Mosquitoes can really suck the fun out of your summer activities, that’s why we are sharing some tips on how to get rid of mosquitoes for good.
Stone countertops are a great addition to any kitchen, but we’ll give you some important factors to consider before installing them.
Tip over accidents are an overlooked danger to your children. We have some preventative tips to make sure your kids aren’t put in danger.
Plus, answers to your home improvement questions about:
- What to look for in window replacements?
- How to deal with vandalism to your property?
- How do fix bathtub cracks?
- Easy solutions to patio cracks.
- Why a fresh painted wall might be peeling?
- When is the best time to seal your tile?
- What to do know about comfort height toilets?
- How to kill and prevent bathroom mold?
TOM: Coast to coast and floorboards to shingles, this is The Money Pit Home Improvement Show. I’m Tom Kraeutler.
LESLIE: And I’m Leslie Segrete.
TOM: And we are here to help you create your best home ever. So, as you look around your house, inside or out, is there a project you’d like to get done? Well, we’d love to help. Couple of the ways to get in touch with us: you can call your questions in to 1-888-MONEY-PIT or post your questions at MoneyPit.com.
Coming up on today’s show, if you love your outdoor spaces – except because of those very, very annoying mosquitoes – we’ve got tips on the most effective way to stop them from putting you on their diet and taking a bite out of that backyard barbecue fun.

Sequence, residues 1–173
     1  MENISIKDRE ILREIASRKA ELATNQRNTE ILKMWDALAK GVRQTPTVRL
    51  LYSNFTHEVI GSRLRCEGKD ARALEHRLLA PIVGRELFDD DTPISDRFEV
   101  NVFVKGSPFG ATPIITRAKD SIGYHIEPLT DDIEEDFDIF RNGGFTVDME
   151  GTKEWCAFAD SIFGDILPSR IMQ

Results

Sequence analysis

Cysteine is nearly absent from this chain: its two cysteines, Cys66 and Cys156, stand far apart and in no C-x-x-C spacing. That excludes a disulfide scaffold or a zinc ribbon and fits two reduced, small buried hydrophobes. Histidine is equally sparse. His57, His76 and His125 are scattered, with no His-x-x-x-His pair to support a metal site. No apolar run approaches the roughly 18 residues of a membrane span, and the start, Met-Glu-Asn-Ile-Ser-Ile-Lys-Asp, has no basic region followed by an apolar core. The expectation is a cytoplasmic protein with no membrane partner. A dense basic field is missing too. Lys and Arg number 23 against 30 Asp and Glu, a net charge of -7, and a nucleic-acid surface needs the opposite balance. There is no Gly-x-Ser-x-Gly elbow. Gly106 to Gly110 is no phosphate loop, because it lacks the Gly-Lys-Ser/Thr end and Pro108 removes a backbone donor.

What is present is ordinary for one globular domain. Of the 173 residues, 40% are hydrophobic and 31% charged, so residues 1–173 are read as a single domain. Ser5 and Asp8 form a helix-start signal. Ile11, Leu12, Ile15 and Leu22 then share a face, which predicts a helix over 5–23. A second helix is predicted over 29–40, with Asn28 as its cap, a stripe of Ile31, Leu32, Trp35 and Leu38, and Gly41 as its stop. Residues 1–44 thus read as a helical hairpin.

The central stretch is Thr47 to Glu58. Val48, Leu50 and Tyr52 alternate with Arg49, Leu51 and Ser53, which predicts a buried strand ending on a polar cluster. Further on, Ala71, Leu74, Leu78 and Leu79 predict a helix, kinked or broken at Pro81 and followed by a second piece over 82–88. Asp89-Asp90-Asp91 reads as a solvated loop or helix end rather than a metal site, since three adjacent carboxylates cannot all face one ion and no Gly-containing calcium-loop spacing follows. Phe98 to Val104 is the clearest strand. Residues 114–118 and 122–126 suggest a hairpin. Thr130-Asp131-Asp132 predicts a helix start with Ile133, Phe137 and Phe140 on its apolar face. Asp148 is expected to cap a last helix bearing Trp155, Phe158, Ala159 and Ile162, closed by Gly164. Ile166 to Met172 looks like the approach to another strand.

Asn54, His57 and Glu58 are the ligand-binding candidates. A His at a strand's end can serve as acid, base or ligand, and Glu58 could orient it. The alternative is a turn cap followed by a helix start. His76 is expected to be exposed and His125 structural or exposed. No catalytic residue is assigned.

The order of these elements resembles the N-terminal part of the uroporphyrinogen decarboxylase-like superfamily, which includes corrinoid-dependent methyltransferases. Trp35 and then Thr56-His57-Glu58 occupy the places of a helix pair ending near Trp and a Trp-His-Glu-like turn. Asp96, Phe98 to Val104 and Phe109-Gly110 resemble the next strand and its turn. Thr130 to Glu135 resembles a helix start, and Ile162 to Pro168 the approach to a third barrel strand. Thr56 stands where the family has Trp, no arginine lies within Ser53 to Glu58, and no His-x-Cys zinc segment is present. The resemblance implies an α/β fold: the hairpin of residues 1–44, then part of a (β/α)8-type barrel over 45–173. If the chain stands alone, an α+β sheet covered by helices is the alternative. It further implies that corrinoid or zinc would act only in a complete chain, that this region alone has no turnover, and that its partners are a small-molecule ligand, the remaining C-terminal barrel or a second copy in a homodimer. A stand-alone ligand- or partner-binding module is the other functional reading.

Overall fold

LESLIE: And natural-stone countertops have been a popular choice for kitchens but they’re also very high-maintenance. So, is the beauty and durability of stone tops worth the hassle? We highlight the pros and cons, in today’s Smart Spending Tip presented by the Bank of America Customized Cash Rewards Credit Card.
TOM: Plus, over the last year, more than 11,300 kids have been treated for tip-over injuries and almost 500 have died. We’re going to share important safety tips to keep your kids safe.
LESLIE: But first, we’re here to help you create your best home ever. So whether that’s a quick fix or a big project, we can help you save time, money, and hassles.
TOM: So let’s get started. Give us a call, right now, with your questions at 1-888-MONEY-PIT. Plus, if you do, we’ve got some tools to give away. We’ve got an Arrow T50, plus a supply of staples. That is the most popular staple gun in America because it works for dozens of projects around the house. It’s going to go out to one listener drawn at random.
So let’s get to it. Leslie, who’s first?
LESLIE: Chris in Ohio is taking on some remodeling projects and needs some help figuring out a way to finance. What can we do for you?
CHRIS: So I’ve got a – it’s like a Cape Cod house and I was thinking about putting some new windows in.
CHRIS: And I was wondering about the cost that would be involved and I was thinking either Andersen or Pella windows.
TOM: Have you talked to any window companies yet?
CHRIS: I have not. I figured I’d have a couple of reps come out and give me some estimates.
TOM: Right. Right. OK.
CHRIS: I was kind of hoping you guys might be able to ballpark it for me.
TOM: Well, it’s hard to say. I mean it really depends on the size of the window and the style of the window but probably at least a few hundred dollars a window for an Andersen or a Pella. You know, they’re sort of high-end.
TOM: You also could look at some of the baseline windows that are sold. You could order replacement windows at Home Depot, for example. I’ve ordered many over the years that are vinyl-clad and stand up very, very well and have an ENERGY STAR-rated glass in it. So, you have many options on the windows.